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  1. #26
    Senior Member
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    Also, if you're running Shimano 10sp you can get a 12-30 Tiagra cassette from Ribble for $20 and a 105 chain for like $17. My Roubaix came with a 12-30 but it was overkill so I switched to a 12-27 and I don't miss the 30 (and love the 16.)

    Shimano 10 Speed Tiagra 4600 Cassette, Cassettes, CASSETTES

  2. #27
    SuperGimp TrojanHorse's Avatar
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    Quote Originally Posted by Dunbar View Post
    Also, if you're running Shimano 10sp you can get a 12-30 Tiagra cassette from Ribble for $20 and a 105 chain for like $17. My Roubaix came with a 12-30 but it was overkill so I switched to a 12-27 and I don't miss the 30 (and love the 16.)

    Shimano 10 Speed Tiagra 4600 Cassette, Cassettes, CASSETTES
    I'm still trying to figure out how I can easily manage multiple cassettes - As PhotoJoe mentioned, I stuck a 11-32 on my bike specifically for an attempt on the lifts (and the palm springs tramway tomorrow) but for ordinary riding, it's overkill. I'm not super keen on having to switch out cassettes and chains every time i want a different cassette though, and I only have one wheel with a power meter but I do have other wheels languishing in the garage.

    Decisions.

  3. #28
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    Quote Originally Posted by TrojanHorse View Post
    I'm not super keen on having to switch out cassettes and chains every time i want a different cassette though, and I only have one wheel with a power meter but I do have other wheels languishing in the garage.
    If you have a Powertap you could buy an extra freehub body and just leave the cassette installed on it and swap the whole thing out. I saw somebody suggest that over on Slowtwitch. That would be a little easier than using a chain whip.

    As far as chain sizing I use the Campagnolo method (small-small pull just enough tension on the chain so it clears the jockey wheel.) That results in a longer chain which means you shouldn't have to resize when swapping cassettes.

  4. #29
    SuperGimp TrojanHorse's Avatar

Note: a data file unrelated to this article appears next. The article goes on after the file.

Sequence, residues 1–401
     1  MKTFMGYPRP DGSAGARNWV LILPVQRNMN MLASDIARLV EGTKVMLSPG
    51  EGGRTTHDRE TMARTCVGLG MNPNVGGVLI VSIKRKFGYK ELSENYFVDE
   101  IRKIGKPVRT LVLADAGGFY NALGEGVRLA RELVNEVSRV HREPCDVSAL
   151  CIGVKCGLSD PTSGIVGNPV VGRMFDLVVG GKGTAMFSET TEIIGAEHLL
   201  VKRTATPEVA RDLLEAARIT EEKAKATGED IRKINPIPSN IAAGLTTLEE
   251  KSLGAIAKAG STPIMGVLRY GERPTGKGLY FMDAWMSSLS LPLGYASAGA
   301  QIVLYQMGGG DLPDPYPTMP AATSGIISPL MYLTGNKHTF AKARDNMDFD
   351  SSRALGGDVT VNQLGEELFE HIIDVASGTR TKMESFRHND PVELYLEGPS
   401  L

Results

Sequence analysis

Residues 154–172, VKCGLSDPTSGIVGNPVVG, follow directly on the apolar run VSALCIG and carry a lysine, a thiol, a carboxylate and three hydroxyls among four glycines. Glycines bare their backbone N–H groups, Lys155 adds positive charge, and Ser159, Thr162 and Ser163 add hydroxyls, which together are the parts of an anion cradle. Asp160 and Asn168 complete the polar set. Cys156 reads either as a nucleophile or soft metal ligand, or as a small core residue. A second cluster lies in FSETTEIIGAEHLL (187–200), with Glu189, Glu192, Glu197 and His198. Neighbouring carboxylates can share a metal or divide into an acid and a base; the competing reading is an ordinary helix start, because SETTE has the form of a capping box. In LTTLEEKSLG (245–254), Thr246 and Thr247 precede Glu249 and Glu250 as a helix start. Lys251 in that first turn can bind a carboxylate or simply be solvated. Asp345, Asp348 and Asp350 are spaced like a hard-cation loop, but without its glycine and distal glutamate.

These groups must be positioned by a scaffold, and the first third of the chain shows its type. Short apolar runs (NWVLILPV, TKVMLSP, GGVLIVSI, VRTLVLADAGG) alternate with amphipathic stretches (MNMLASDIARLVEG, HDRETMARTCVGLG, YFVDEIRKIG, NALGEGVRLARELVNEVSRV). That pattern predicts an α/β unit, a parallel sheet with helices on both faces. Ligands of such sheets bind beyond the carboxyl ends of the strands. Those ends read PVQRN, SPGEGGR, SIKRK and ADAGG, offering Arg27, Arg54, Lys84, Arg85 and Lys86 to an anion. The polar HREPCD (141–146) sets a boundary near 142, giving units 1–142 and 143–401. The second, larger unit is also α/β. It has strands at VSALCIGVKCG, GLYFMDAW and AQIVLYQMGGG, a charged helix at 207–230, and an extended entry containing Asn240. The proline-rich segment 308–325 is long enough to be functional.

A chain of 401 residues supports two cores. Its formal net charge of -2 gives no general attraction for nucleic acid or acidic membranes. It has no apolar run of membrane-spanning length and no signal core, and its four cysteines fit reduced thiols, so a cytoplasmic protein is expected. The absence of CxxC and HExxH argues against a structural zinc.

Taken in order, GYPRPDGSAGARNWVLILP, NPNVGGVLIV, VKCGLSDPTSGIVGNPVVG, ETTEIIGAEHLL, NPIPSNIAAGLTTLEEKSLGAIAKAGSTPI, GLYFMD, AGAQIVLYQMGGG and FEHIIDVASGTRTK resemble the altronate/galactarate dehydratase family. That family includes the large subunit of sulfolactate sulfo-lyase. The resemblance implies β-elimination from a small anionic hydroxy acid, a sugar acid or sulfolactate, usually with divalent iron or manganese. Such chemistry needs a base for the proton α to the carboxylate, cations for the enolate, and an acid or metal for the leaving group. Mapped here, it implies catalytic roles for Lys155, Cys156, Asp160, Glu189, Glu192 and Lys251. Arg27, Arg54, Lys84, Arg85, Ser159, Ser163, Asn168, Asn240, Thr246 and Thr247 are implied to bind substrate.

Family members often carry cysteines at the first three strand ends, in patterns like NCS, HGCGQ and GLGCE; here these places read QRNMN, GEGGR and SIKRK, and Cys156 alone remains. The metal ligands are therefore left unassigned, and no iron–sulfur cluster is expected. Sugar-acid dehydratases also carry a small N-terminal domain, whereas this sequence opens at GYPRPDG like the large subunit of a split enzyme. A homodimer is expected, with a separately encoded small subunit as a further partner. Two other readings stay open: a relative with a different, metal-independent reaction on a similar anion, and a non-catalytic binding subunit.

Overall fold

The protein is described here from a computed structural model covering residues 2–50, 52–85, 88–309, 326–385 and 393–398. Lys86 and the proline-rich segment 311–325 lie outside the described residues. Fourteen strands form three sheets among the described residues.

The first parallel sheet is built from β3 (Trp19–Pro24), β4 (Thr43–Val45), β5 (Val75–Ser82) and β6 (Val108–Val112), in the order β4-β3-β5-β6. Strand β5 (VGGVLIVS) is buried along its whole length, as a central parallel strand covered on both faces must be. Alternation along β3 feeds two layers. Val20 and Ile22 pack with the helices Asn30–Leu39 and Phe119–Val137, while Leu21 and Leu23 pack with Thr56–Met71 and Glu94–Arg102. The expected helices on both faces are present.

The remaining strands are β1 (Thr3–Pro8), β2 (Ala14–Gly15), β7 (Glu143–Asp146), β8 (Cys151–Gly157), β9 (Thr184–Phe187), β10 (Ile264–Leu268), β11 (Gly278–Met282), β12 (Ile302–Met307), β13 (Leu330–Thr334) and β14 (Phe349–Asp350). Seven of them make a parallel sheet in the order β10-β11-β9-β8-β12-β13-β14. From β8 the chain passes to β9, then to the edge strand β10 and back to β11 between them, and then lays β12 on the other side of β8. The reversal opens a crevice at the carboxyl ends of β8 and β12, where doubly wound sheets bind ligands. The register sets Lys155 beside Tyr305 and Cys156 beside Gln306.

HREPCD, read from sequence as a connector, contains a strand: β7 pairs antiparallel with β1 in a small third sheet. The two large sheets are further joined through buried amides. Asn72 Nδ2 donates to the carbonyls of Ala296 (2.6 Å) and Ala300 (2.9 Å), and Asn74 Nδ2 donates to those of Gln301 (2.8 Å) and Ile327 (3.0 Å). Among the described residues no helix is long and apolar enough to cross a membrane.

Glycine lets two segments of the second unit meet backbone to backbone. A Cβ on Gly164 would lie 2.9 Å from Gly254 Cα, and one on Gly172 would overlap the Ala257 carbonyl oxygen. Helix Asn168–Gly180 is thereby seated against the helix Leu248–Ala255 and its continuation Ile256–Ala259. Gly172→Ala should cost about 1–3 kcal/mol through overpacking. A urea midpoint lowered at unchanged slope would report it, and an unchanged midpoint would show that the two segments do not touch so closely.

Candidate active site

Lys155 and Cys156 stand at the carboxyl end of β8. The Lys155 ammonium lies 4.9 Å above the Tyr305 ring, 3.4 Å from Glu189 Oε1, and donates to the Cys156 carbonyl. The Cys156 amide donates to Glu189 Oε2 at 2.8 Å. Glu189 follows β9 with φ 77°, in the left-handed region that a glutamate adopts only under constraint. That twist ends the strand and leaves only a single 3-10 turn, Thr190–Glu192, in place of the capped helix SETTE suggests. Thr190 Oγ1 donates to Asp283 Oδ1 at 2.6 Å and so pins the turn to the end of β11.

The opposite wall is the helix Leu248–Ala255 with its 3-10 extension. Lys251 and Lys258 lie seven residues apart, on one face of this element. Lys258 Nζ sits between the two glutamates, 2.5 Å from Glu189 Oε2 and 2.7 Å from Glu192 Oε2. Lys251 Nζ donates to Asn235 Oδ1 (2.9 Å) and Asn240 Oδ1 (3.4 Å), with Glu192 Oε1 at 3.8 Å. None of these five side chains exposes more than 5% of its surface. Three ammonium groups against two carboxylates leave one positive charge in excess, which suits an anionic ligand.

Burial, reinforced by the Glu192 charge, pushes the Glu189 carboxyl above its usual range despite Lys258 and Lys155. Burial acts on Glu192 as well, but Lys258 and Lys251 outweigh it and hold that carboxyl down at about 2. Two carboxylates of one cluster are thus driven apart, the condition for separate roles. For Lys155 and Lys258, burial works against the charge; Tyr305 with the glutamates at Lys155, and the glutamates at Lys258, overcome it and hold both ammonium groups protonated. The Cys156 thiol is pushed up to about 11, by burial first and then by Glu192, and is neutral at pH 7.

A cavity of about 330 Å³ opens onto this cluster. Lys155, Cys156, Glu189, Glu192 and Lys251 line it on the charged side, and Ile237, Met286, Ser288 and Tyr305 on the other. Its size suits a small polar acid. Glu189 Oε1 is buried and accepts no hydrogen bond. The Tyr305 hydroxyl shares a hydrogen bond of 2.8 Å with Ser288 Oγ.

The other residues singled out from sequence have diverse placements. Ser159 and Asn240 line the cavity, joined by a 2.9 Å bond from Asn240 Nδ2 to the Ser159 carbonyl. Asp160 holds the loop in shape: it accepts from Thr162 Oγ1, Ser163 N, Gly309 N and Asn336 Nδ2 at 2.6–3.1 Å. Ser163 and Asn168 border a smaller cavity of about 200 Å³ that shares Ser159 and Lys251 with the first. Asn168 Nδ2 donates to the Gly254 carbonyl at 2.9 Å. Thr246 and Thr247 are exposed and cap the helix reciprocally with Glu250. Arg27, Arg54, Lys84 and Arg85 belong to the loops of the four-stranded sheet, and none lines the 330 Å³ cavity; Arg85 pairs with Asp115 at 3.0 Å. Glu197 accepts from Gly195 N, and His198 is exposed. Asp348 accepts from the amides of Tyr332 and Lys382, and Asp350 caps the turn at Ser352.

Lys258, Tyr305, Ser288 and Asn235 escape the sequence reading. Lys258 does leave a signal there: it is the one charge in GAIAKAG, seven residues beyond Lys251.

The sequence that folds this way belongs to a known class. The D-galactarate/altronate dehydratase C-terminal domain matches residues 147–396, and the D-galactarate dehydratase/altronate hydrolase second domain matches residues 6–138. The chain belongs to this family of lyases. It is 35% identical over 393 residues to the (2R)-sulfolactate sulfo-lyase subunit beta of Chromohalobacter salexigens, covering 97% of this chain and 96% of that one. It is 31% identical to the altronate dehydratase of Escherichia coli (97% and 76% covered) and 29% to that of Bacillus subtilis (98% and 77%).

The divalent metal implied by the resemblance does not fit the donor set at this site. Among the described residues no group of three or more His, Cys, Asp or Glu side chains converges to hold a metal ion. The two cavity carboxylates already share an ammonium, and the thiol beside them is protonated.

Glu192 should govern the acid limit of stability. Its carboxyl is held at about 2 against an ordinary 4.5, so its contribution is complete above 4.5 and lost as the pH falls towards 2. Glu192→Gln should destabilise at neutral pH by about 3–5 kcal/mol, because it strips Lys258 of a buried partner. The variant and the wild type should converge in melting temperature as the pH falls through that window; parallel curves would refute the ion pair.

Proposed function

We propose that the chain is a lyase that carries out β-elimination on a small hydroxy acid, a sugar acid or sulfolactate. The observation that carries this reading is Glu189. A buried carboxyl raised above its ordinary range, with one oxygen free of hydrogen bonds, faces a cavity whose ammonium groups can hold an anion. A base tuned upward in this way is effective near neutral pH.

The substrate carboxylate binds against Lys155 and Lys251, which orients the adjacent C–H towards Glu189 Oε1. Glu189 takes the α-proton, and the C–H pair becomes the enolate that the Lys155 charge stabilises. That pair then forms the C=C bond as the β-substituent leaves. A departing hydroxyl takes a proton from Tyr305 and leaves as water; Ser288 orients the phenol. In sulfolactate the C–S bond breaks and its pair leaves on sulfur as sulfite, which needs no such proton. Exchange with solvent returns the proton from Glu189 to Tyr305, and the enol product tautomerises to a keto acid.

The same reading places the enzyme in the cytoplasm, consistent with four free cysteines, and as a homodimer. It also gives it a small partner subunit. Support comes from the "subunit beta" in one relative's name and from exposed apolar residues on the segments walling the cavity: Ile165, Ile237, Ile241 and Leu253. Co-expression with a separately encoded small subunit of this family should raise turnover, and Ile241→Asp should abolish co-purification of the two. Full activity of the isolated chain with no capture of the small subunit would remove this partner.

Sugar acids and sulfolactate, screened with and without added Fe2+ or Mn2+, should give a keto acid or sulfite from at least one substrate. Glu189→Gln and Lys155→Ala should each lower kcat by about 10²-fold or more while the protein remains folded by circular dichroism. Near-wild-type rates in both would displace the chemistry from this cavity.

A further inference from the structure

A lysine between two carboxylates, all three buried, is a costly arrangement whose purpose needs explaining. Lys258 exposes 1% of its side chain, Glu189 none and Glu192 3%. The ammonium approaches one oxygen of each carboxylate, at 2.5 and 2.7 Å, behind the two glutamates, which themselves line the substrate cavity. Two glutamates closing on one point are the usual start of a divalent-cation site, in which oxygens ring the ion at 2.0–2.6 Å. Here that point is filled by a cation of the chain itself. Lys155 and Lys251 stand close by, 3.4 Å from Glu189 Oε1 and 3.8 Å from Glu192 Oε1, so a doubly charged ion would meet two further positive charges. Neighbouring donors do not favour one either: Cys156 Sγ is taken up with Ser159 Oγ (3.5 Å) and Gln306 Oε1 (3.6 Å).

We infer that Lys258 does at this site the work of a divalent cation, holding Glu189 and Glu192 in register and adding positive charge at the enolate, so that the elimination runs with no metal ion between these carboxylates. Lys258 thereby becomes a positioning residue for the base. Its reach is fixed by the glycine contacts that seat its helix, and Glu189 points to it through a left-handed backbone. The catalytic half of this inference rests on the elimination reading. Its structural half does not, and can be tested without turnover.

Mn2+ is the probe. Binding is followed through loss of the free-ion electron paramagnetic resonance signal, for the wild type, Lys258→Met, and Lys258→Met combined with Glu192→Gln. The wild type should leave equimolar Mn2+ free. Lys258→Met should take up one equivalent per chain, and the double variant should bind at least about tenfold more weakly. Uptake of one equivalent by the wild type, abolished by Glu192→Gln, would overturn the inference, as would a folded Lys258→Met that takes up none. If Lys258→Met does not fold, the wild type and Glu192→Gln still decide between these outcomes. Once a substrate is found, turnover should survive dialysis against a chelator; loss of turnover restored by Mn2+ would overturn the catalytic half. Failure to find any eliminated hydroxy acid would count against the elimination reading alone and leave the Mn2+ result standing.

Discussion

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    Quote Originally Posted by Dunbar View Post
    If you have a Powertap you could buy an extra freehub body and just leave the cassette installed on it and swap the whole thing out. I saw somebody suggest that over on Slowtwitch. That would be a little easier than using a chain whip.

    As far as chain sizing I use the Campagnolo method (small-small pull just enough tension on the chain so it clears the jockey wheel.) That results in a longer chain which means you shouldn't have to resize when swapping cassettes.
    interesting idea! I forgot about that "feature"... in fact, it freaked me out one time while i was changing a rear flat and the freehub came loose.

    I find myself in the small chainring more with a 32 on the back and the large when I have a more reasonable cassette. I could just figure out which combo small chainrings was too loose and avoid them.

    Thanks for the idea.

  5. #30
    Senior Member IBOHUNT's Avatar
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    Quote Originally Posted by TrojanHorse View Post
    I'm still trying to figure out how I can easily manage multiple cassettes - As PhotoJoe mentioned, I stuck a 11-32 on my bike specifically for an attempt on the lifts (and the palm springs tramway tomorrow) but for ordinary riding, it's overkill. I'm not super keen on having to switch out cassettes and chains every time i want a different cassette though, and I only have one wheel with a power meter but I do have other wheels languishing in the garage.